For quite some time now, I've been wondering why the Fullerton and the Rogue acoustics I own do not have a vertical back reinforcing center strip on the inside. Anything information on the net as to why some guitars have it and some don't is either very vague or based on incorrect assumptions. Several people state that only guitars with a one piece back without a purfling strip running down the outside or guitars that have a 'plywood' back are missing this strip simply because they do not require the extra strengthening it seems to provide.
Well, the Rogue's back is laminated (or 'plywood', if you must insist... ) so, I can understand why it's missing, in that case. My Fullerton, however, has a solid, two piece rosewood back and does not have the strip. Some Martins do not have the strip as well - a few high-end models and their all-mahogany acoustics, all of which are solid wood guitars and some have two piece backs. I've had the pleasure of trying a few of these guitars built without the reinforcing strip and I can say with near certainty that they're all solid woods. I think I've even found this unusual feature on some other top name-brand all wood acoustics as well so, the "it's either a one piece back or it's plywood" reasoning has got to be wrong. I've been unable to find any other explanations for this feature anywhere else.
Has anyone got a practical reason or theory for this reinforcing strip not being needed on certain acoustics?
My understanding of the strip's purpose on a guitars with the purfling strip down the back is that the routing done to inlay the strip may weaken the strength of the wood at that point along the guitar's back (especially on guitars with a two piece back) so the feature adds reinforcement along that "weak" spot. What is confusing to me is that one person's statement seem to infer that any guitar with a two piece back must have this strip for strengthening because the glue (hide or any of the modern glues used today) used to join the halves is not going to be strong enough to hold it all together without the added reinforcing strip. This would mean that the guitars such as my Fullerton (solid, two piece back) and, for example, Martin's D-15M or DRS1 model acoustics (both solid, two piece backs) all should have the vertical reinforcement strip down the inside of the guitar's back or they would literally split apart at that point under string tension - and none of them have it. I've had the Fullerton for about 8 years now and it's fine, no evidence of any kind of crack or anything starting in that area at all. Martin (and I think I'm stating the obvious) would never build or sell an instrument with such a supposedly critical feature missing. That would be unthinkable, given their long history, experience and reputation as a major guitar company. So, it's a mystery as to why this is missing on those examples and on other guitars I've encountered. Are companies using some type of super-strong glue that precludes the use of the reinforcing strip (or brace)? Maybe they've developed some sort of special joint for two piece backs that, when glued together, are strong enough as is, no reinforcement needed? I can offer some practical guesses but I rather know the truth.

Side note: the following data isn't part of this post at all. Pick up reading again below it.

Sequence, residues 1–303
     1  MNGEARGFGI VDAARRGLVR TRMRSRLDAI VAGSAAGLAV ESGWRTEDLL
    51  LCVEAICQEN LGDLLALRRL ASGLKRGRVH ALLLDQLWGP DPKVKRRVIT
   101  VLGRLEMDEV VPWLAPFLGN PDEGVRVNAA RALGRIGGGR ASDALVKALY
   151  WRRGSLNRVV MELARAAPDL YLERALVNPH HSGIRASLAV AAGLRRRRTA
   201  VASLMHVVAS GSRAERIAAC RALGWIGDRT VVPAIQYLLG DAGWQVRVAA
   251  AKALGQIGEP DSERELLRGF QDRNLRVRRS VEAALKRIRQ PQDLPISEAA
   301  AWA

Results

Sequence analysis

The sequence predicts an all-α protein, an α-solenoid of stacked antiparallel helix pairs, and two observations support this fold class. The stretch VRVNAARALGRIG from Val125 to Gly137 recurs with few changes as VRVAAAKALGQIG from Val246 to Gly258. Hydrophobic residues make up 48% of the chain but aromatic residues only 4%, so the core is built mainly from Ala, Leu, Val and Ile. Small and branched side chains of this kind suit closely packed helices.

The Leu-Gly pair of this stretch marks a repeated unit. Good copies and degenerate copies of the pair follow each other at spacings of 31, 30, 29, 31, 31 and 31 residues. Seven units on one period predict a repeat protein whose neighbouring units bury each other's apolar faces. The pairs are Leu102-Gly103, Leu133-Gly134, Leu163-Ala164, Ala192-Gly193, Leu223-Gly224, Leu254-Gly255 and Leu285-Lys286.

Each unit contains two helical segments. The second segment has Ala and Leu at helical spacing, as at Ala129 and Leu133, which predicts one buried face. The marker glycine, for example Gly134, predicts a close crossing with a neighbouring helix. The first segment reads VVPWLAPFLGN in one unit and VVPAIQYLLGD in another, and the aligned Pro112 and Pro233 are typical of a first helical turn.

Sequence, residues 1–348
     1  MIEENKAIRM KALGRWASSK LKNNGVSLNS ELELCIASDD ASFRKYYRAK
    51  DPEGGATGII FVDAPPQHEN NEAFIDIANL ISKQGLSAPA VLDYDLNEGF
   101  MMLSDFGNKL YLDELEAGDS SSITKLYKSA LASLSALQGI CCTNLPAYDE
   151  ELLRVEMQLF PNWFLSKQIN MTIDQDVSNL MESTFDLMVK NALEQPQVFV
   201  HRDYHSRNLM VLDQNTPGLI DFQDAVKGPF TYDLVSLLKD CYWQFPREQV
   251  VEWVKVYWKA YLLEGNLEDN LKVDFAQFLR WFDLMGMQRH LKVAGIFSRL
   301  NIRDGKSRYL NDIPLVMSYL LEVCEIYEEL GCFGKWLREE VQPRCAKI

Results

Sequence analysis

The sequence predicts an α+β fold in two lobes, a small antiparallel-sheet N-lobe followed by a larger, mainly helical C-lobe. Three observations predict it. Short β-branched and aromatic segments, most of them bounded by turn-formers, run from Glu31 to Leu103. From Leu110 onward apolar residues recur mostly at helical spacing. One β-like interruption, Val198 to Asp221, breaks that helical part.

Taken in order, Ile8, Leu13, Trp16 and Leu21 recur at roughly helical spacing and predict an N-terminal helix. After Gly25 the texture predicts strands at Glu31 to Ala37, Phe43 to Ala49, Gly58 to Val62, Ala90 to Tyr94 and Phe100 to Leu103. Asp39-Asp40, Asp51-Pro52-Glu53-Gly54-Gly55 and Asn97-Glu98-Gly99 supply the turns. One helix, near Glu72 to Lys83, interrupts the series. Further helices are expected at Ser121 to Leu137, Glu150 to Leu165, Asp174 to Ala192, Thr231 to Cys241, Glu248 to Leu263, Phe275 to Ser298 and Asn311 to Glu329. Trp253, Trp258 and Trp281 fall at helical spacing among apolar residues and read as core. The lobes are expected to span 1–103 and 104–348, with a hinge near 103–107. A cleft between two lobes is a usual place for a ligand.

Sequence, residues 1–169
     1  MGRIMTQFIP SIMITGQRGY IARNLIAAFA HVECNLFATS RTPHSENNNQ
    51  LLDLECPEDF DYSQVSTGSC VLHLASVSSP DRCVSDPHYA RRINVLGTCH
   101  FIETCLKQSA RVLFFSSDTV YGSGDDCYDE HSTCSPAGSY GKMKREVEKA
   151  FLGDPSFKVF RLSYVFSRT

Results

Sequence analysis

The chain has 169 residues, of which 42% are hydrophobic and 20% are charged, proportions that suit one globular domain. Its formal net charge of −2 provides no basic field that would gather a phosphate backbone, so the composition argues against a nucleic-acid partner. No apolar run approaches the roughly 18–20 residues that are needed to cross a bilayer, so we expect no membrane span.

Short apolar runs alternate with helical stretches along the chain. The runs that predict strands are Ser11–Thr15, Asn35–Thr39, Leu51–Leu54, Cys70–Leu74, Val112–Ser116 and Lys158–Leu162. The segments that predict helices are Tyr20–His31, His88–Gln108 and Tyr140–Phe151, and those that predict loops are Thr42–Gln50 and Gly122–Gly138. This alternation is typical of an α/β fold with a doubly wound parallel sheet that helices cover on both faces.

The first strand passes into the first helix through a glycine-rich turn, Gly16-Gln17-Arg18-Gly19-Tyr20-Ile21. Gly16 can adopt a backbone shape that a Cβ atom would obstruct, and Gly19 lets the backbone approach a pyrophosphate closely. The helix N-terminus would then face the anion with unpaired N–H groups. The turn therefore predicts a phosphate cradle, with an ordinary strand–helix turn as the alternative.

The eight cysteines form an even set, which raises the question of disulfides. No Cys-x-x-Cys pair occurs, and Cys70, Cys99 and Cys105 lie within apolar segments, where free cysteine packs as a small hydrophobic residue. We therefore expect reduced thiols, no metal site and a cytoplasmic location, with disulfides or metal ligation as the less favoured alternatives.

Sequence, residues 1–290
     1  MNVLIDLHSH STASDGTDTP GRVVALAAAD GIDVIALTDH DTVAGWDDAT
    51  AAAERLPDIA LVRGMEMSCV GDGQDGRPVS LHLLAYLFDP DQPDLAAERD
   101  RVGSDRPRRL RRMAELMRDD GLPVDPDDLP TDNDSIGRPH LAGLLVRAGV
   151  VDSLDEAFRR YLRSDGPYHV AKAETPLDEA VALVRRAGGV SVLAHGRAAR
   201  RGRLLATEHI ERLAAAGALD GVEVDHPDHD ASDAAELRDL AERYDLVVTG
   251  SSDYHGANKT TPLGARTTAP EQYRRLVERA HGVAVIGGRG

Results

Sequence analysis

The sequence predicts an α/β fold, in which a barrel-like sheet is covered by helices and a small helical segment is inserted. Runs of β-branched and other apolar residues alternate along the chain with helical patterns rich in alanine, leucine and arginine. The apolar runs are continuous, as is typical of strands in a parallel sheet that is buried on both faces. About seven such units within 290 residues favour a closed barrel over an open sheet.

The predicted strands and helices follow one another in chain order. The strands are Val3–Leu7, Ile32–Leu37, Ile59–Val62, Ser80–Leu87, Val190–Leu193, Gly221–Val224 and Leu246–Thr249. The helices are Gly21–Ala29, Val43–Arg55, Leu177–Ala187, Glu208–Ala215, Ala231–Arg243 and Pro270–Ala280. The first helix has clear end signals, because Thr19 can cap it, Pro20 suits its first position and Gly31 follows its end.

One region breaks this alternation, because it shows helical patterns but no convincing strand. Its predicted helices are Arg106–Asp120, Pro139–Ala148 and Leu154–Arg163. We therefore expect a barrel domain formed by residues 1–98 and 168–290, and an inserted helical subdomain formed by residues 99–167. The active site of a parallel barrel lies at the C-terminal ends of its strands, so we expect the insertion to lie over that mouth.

I emailed the Martin Guitar Co. about this issue a while ago and got a reply yesterday:
The center strip on the back does reinforce the glue joint but it is not needed. We offer different styles and, in some cases, omit the back strip.
C.F. Martin & Co., Inc
(888) 433-9177 X2205
So, I'm assuming that unless there is some sort of purfling stripe down the back of the guitar that requires routing along the glue joint, then the center strip is cosmetic, to give the guitar a more traditional look. I can rest easy now, knowing my guitars aren't going to "self-destruct" anytime in the foreseeable future!
My solid wood Martin (w/ no purfling) and my solid wood Seagull (with purfling) both have the internal back strip. My laminate Seagulls (bookmatched backs/no purfling) do not have it. I think it is just an extra reinforcement that adds a step of labor in manufacturing that you may or may not see used on less expensive guitars. It has no impact on the sound of the guitar in my humble opinion.